Duke Ellington (29 Apr 1899 – 24 May 1974) - Edward Kennedy “Duke” Ellington was one of the most beloved and revered figures of American jazz, whose long career encompassed composition, piano playing, radio, movie and television appearances and leading his own jazz band, with innumerable recordings testifying to his genius. Duke Ellington first gained widespread acclaim through appearances at New York City’s famed “Cotton Club”, with its white, wealthy clientele; in the 1930s his band toured Europe, garnering even more attention. The prolific Ellington produced over 1,000 compositions in his lifetime, including the classics: “Satin Doll”, “Don’t Get Around Much Anymore”, and “Sophisticated Lady” among others. Throughout his lifetime, Duke performed and recorded with such contemporary greats as Louis Armstrong, Coleman Hawkins, John Coltrane and Charlie Mingus. While the 1950s saw a decline in his favor, his reputation eventually was elevated to even greater prominence with his participation in the 1956 Newport Jazz Festival and with the issuance of Ella Fitzgerald’s “Duke Ellington’s Songbook”. Among the many awards and tributes Duke received were counted the Presidential Medal Freedom and a star on the Hollywood Walk of Fame. His fame is as great as ever today, and he is universally recognized as a musical master. His own 1973 autobiography says it all: Music is My Mistress.
Duke Kahanamoku (24 Aug 1890 – 22 Jan 1968) - Duke Kahanamoku was the iconic father of modern surfing, having been a five-time Olympic swimming gold and silver medalist who almost single-handedly popularized the nascent sport of surfing. Born and raised in Waikiki in Hawaii, Duke was the original beach boy. Well, not exactly. We’d like to see some of those California boys ride the waves as Duke did: on his hand-carved, koa wood, 16 foot, 114 pound board! Write a song about that, Beach Boys! After his extraordinary success in the Olympics and other sporting venues, Duke moved to Southern California and pursued an erratic career as a movie actor, mostly in supporting and extra roles. Returning to Hawaii, Duke served as sheriff of Honolulu for 29 years and more or less eked out a living lending his name to a nightclub (where Don Ho reigned supreme). He was also a friend and surfing companion (and perhaps more) to tobacco heiress, Doris Duke, who fronted the loan for a house for him and his wife. Duke’s memory is kept affectionately alive today in Hawaii; he is unanimously agreed to have been a sincerely good person. Ultimate kudo - he has even had a stamp issued in his honor.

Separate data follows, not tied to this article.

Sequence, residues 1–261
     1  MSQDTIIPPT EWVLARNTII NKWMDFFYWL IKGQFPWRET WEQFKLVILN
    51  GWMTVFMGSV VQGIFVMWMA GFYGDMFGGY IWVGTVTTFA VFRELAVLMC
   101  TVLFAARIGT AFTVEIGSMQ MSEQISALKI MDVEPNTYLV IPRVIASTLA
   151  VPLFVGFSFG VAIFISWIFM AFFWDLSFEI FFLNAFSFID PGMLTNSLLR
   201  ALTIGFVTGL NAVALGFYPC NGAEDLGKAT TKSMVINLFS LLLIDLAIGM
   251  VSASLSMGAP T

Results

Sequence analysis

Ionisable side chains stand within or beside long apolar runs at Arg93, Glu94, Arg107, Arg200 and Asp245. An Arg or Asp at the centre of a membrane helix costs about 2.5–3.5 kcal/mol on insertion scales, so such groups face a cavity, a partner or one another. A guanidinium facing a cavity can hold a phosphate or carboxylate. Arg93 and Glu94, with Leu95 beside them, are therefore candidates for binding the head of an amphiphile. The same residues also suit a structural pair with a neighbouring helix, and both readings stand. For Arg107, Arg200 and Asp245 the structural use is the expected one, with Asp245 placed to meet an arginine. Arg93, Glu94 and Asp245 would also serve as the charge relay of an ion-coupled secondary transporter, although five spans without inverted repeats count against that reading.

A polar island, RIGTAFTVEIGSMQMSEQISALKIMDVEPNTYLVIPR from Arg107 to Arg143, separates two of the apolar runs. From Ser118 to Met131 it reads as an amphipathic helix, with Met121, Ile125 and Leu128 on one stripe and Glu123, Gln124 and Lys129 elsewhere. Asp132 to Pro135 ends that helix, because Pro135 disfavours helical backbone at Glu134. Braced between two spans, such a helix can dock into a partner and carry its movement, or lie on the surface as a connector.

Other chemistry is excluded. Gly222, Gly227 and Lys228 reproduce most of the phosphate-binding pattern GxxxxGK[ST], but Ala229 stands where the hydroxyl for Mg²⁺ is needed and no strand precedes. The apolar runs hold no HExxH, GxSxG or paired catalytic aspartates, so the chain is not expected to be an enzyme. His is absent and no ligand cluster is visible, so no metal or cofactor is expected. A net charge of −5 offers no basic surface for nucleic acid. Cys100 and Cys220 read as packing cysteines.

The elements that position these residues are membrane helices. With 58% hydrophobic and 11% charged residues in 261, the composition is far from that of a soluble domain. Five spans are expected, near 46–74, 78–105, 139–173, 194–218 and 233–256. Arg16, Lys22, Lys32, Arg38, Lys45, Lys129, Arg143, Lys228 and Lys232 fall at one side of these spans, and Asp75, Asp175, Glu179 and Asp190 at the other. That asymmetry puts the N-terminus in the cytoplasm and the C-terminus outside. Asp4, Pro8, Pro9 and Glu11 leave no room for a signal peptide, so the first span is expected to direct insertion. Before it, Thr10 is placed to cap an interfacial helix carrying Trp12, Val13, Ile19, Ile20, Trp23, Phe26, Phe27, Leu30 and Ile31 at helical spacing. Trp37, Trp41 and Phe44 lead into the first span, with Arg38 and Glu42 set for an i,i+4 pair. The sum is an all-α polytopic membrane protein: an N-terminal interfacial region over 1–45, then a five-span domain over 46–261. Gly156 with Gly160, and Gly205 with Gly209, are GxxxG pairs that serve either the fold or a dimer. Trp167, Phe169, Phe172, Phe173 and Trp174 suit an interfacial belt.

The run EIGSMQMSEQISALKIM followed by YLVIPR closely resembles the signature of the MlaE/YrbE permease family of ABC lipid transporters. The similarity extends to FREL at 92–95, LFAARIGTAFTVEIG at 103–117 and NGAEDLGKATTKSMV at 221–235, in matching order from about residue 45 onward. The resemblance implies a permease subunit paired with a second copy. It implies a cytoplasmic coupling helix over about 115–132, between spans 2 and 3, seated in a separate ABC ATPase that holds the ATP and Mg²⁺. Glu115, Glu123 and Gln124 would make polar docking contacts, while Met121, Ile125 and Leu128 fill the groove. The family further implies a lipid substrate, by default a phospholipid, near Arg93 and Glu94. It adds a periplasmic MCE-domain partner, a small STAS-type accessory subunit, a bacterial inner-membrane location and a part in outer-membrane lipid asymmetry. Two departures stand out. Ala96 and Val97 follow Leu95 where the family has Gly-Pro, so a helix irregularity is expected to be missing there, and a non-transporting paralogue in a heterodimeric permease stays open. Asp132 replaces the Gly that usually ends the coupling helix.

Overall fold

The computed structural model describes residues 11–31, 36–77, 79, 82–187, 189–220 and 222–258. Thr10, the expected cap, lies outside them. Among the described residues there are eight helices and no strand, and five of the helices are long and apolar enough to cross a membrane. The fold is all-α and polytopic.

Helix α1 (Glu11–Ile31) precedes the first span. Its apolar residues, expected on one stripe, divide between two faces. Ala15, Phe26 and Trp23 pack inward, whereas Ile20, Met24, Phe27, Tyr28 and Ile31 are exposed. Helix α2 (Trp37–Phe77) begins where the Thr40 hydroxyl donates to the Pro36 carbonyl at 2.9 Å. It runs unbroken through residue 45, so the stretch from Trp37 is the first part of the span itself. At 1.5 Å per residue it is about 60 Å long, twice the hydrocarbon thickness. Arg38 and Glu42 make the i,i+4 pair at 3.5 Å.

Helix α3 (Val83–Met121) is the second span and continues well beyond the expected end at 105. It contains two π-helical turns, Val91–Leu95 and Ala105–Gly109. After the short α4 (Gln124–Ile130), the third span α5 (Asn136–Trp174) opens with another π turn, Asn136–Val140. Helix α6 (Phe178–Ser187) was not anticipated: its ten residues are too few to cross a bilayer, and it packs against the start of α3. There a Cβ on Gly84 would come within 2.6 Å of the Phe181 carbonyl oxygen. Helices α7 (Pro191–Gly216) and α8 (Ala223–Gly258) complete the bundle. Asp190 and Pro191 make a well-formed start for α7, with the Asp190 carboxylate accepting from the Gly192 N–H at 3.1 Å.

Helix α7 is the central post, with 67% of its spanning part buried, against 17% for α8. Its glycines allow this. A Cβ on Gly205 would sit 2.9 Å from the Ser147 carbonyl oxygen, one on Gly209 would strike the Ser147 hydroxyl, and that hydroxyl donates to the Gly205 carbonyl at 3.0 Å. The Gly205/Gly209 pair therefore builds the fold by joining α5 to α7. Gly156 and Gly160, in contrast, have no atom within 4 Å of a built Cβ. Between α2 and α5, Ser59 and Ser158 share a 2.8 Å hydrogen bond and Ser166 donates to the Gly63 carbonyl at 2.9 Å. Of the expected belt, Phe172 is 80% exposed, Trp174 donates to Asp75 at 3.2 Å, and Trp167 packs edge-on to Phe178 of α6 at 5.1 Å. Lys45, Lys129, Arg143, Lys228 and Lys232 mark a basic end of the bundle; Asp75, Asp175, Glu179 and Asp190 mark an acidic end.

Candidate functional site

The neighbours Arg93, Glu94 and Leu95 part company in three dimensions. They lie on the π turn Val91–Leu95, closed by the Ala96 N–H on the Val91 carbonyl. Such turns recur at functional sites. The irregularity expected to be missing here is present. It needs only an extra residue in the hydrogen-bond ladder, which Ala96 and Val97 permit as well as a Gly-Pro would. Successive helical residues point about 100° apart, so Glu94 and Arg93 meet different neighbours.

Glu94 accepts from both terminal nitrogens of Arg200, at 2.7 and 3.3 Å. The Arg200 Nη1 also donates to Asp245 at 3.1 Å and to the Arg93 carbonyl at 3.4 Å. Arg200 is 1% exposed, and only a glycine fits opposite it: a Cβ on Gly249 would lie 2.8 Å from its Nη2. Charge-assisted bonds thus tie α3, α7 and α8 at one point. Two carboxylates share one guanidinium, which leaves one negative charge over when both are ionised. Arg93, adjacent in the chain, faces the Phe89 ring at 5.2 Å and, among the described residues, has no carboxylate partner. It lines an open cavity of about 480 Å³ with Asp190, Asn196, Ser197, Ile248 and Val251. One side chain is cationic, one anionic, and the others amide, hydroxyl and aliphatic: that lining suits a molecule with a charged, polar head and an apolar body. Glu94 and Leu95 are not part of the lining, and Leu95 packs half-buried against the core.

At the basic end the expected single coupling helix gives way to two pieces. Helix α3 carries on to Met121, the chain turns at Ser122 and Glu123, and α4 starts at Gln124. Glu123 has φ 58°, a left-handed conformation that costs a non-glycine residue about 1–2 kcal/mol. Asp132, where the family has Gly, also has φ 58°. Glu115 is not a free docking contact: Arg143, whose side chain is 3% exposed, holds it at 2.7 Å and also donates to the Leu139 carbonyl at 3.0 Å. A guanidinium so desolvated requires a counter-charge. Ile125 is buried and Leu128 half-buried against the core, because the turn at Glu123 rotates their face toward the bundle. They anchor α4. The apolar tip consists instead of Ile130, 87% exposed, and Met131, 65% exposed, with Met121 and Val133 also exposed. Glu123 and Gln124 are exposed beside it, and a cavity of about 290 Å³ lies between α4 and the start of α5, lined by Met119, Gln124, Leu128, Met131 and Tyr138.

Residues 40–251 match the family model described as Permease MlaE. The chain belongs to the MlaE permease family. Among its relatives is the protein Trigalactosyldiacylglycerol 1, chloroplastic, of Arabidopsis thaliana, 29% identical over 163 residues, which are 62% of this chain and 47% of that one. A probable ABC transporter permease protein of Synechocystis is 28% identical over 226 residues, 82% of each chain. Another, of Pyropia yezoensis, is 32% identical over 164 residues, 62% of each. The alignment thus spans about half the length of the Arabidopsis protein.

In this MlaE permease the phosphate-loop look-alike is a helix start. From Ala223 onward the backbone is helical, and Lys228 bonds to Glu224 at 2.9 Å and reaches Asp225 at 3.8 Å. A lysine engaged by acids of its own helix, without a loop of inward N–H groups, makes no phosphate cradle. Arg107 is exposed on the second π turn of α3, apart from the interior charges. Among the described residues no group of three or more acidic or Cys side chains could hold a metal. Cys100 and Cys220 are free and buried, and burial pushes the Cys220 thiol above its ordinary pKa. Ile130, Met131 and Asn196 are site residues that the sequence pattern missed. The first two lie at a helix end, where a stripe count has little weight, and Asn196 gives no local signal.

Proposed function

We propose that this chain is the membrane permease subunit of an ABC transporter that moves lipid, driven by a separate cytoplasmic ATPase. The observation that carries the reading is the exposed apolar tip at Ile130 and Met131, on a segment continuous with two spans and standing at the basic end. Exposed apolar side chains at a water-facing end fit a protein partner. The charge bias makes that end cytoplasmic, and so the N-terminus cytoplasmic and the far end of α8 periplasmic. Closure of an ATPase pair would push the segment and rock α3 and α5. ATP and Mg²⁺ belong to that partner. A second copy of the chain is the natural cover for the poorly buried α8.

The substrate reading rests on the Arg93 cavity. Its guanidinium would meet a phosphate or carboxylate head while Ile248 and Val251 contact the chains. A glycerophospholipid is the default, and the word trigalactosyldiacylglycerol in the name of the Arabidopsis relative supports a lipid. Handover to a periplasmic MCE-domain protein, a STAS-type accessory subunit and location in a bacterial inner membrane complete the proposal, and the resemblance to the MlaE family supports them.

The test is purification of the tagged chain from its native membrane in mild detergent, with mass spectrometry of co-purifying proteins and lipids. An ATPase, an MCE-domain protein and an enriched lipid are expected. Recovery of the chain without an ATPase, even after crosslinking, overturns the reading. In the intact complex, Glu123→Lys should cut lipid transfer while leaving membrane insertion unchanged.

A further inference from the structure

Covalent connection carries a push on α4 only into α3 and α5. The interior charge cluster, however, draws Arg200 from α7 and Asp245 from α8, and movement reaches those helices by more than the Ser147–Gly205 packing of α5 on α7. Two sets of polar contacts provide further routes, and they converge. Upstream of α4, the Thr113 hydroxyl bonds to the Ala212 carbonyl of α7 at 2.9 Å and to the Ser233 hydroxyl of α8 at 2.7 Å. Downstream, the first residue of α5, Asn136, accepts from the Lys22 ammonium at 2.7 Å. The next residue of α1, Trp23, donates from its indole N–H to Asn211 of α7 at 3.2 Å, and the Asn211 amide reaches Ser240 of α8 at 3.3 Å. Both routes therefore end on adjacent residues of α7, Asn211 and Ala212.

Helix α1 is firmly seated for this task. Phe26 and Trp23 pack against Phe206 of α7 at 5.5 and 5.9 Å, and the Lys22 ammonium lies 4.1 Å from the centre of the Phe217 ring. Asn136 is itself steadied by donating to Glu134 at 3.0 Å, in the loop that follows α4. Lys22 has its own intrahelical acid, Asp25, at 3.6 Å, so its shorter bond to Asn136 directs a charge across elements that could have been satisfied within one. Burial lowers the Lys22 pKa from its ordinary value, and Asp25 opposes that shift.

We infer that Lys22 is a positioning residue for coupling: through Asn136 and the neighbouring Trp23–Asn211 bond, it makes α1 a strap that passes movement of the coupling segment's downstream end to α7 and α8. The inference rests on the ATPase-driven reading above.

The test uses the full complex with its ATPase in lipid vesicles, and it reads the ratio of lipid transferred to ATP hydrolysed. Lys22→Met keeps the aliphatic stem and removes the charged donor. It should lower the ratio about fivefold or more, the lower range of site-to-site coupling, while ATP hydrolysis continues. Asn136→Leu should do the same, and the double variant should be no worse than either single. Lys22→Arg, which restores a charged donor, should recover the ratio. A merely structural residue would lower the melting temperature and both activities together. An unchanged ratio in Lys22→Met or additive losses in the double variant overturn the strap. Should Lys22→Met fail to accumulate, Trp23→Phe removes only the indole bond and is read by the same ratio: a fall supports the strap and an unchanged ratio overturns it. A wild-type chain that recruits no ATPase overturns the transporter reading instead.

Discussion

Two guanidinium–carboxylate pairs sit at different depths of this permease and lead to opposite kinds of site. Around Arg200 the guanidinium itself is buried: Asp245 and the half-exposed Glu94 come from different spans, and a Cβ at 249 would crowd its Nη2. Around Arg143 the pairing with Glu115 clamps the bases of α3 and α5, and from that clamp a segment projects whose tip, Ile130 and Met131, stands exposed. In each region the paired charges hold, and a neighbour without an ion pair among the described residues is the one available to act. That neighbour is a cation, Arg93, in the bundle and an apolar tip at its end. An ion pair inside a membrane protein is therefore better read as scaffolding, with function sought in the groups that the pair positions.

John Wayne (26 May 1907 – 11 Jun 1979) - John Wayne was the iconic and hugely successful American movie star born in Iowa with the unfortunate moniker of Marion Morrison. Called “Duke” (happily) from a young age, the man whom the studios dubbed John Wayne came to movies by way of odd jobs and bit parts. It took the genius of director John Ford to insist on his being cast in 1939’s Stagecoach to send John Wayne to superstardom via almost 150 movies, most of them Westerns. Among his most popular movies were Rio Bravo, The Quiet Man, The Searchers, and True Grit, for which he won an Academy Award. John Wayne was known in later years as much for his conservative politics as for his movies, as he boosted Republican causes, championed the war in Vietnam and bemoaned the state of contemporary American youth. As much as he stood for a militant aggressiveness, he never joined the armed services, although he tried. Deferred because of his age and family status, he was also the object his studio’s efforts to keep him on the lot cranking out pictures. Nonetheless, he epitomized the fighting patriotic American to the day of his death. Married three times, John Wayne fathered seven children and died of stomach cancer, after having beaten lung cancer some years earlier. He remains one of the best known and most popular figures of American culture to this day, and even has an airport named after him. Not bad for a boy named Sue, er, Marion.